dc.setCapability("crazyNodeName", "Rambo");
        wd = new RemoteWebDriver(new URL("http://localhost:4444/wd/hub"),dc);
    }

    @AfterClass
    public void afterClass() {
        wd.quit();
    }

}

Run the above test and see what happens. You would notice that your test got executed. [ This proves that our custom capability matcher worked ]

Now lets try and see what happens, if I dont set this capability at all. Here’s a test that explains what I am talking about.

package organized.chaos;

import java.net.MalformedURLException;
import java.net.URL;

import org.openqa.selenium.WebDriver;
import org.openqa.selenium.remote.DesiredCapabilities;
import org.openqa.selenium.remote.RemoteWebDriver;
import org.testng.annotations.AfterClass;
import org.testng.annotations.BeforeClass;
import org.testng.annotations.Test;

public class CrazyNodeTest {
    WebDriver wd = null;

    @Test
    public void f() {
        wd.get("http://www.facebook.com");
    }

    @BeforeClass
    public void beforeClass() throws MalformedURLException {
        DesiredCapabilities dc = new DesiredCapabilities();
        dc.setBrowserName(DesiredCapabilities.firefox().getBrowserName());
        wd = new RemoteWebDriver(new URL"http://localhost:4444/wd/hub"),dc);
    }

    @AfterClass
    public void afterClass() {
        wd.quit();
    }

}

As you can see, the test runs because we extended the DefaultCapabilityMatcher and then chose to honour its behavior if our custom attribute in question wasn’t passed on via the DesiredCapabilities.

Now lets see what happens if I set a different value to the custom attribute we defined. Here’s how the test looks like :

package organized.chaos;

import java.net.MalformedURLException;
import java.net.URL;

import org.openqa.selenium.WebDriver;
import org.openqa.selenium.remote.DesiredCapabilities;
import org.openqa.selenium.remote.RemoteWebDriver;
import org.testng.annotations.AfterClass;
import org.testng.annotations.BeforeClass;
import org.testng.annotations.Test;

public class CrazyNodeTest {
    WebDriver wd = null;

    @Test
    public void f() {
        wd.get("http://www.facebook.com");
    }

    @BeforeClass
    public void beforeClass() throws MalformedURLException {
        DesiredCapabilities dc = new DesiredCapabilities();
        dc.setBrowserName(DesiredCapabilities.firefox().getBrowserName());
        dc.setCapability("crazyNodeName", "Jim Carry");
        wd = new RemoteWebDriver(new URL("http://localhost:4444/wd/hub"),dc);
    }

    @AfterClass
    public void afterClass() {
        wd.quit();
    }

}

When you try running this you should see an exception as below :

[TestRunner] Starting executor for test Default test with time out:2147483647 milliseconds.
FAILED CONFIGURATION: @BeforeClass beforeClass
org.openqa.selenium.WebDriverException: Error forwarding the new session cannot find : {browserName=firefox, crazyNodeName=Jim Carry}
Command duration or timeout: 152 milliseconds
Build info: version: '2.39.0', revision: '14fa800511cc5d66d426e08b0b2ab926c7ed7398', time: '2013-12-16 13:18:38'
System info: host: 'localhost', ip: '127.0.0.1', os.name: 'Mac OS X', os.arch: 'x86_64', os.version: '10.8.5', java.version: '1.7.0_25'
Driver info: org.openqa.selenium.remote.RemoteWebDriver

Now I hope you understood how to leverage Custom Capabilities Matcher and then use it to your advantage.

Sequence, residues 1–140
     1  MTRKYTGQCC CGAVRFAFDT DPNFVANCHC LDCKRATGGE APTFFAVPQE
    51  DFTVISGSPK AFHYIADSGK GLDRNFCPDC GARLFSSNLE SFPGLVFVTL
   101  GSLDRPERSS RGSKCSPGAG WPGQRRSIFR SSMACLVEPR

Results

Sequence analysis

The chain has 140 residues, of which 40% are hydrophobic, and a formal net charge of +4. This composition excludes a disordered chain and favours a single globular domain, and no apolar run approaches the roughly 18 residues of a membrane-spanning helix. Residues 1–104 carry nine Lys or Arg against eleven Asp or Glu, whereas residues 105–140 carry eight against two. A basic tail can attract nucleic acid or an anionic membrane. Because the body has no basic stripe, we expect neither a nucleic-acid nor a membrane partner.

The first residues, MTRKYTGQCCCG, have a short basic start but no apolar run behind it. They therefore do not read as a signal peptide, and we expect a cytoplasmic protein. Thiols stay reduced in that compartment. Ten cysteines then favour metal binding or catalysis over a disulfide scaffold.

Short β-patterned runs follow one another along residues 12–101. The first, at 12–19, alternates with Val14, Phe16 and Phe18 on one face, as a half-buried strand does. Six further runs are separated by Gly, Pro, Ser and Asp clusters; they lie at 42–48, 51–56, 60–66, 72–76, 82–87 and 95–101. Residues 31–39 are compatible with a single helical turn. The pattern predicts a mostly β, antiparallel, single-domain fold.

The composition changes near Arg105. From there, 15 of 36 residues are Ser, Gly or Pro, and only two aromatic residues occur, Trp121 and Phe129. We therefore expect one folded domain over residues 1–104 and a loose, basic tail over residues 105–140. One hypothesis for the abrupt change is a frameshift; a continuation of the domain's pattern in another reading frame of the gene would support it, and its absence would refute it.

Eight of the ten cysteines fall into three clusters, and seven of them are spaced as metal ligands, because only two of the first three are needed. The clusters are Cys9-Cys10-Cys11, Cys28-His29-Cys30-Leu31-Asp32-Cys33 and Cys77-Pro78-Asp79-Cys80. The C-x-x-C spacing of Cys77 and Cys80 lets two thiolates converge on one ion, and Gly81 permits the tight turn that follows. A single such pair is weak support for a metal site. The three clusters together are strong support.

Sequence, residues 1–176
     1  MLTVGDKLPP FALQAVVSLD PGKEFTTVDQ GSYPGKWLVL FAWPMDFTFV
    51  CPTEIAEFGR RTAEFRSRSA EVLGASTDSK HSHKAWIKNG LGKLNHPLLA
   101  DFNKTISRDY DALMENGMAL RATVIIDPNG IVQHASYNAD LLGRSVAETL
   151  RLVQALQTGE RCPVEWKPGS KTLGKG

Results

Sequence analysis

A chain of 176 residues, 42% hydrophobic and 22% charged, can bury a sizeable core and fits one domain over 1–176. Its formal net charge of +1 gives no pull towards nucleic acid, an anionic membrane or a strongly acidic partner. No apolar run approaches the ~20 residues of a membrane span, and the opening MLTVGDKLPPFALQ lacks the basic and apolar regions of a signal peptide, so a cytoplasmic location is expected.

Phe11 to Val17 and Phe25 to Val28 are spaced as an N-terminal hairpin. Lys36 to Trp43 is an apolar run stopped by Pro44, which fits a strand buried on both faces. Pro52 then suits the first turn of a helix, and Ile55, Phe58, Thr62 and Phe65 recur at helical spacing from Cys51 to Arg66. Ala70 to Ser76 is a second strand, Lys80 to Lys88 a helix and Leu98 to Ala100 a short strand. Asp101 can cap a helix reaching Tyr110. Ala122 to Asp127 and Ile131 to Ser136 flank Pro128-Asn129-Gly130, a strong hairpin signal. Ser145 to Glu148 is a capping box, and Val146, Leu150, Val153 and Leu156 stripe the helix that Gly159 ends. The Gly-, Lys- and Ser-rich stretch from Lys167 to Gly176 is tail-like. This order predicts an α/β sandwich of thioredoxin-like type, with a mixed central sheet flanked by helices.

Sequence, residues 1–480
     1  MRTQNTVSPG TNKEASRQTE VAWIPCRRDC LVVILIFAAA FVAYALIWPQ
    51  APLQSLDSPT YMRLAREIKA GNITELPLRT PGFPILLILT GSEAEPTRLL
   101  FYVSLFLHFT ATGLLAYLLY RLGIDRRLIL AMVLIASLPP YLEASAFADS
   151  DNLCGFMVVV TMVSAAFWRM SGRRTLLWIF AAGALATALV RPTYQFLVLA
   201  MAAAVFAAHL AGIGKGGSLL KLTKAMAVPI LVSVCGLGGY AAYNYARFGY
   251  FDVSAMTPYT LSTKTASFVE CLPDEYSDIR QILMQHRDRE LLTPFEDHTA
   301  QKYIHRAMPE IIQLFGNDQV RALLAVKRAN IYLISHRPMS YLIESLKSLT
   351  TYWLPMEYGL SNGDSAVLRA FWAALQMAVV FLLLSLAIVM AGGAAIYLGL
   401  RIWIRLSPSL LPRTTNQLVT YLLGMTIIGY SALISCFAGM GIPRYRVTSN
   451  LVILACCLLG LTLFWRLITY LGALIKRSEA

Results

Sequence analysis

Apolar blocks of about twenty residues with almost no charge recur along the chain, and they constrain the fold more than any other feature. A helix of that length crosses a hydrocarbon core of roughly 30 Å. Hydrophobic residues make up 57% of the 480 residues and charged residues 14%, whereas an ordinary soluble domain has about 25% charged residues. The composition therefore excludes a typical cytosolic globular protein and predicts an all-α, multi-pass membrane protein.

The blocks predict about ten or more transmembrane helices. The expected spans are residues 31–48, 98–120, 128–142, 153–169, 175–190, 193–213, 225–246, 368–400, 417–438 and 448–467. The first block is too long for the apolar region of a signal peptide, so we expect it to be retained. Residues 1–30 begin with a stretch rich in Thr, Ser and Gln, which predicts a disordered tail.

Advertisements

Discussion

2 thoughts on “Working with a custom capability matcher in the Grid

  1. I found your post very useful for changing the capability matcher. After trying to use a custom capability with the steps you are referring i get exception: org.openqa.selenium.WebDriverException: Error forwarding the new session null (The sessionId is null). If i do not set the custom capability the session is forwarded to first available node. Are you aware of the issue?

    Regards,
    Giannis

    Posted by Giannis | January 30, 2014, 1:43 pm
  2. This was a great guide, thank you for posting it! I found this to be very useful when implementing my own capability matcher. This is the primary example I’ve found for how to do this and the first result on google when you search for custom capability matcher, so I wanted to point out a potential bug in this code with the hope of saving someone else the headache of debugging it. If you have a mix of nodes on the grid where some nodes do not have the custom capability in the node configuration and some do, then this capability matcher will throw a null pointer exception when it attempts to match a request with a node that doesn’t contain the key for the capability you’ve added (“crazyNodeName” in this example). The fix for this would be (using your example) to check that the nodeCapability map contains the key for crazyNodeName before trying to get it’s value, so then you’d have:

    return (basicChecks && && nodeCapability.containsKey(crazyNodeName) && nodeCapability.get(crazyNodeName).equals(requestedCapability.get(crazyNodeName)));

    Otherwise you will see the error message that Giannis mentioned, “org.openqa.selenium.WebDriverException: Error forwarding the new session null”. This can end up being a little bit of a subtle bug because you may or may not hit the exception case depending on the order of the nodes in your grid.

    Posted by MItchell | November 9, 2015, 9:49 pm

Leave a Reply

Fill in your details below or click an icon to log in:

WordPress.com Logo

You are commenting using your WordPress.com account. Log Out / Change )

Twitter picture

You are commenting using your Twitter account. Log Out / Change )

Facebook photo

You are commenting using your Facebook account. Log Out / Change )

Google+ photo

You are commenting using your Google+ account. Log Out / Change )

Connecting to %s

%d bloggers like this: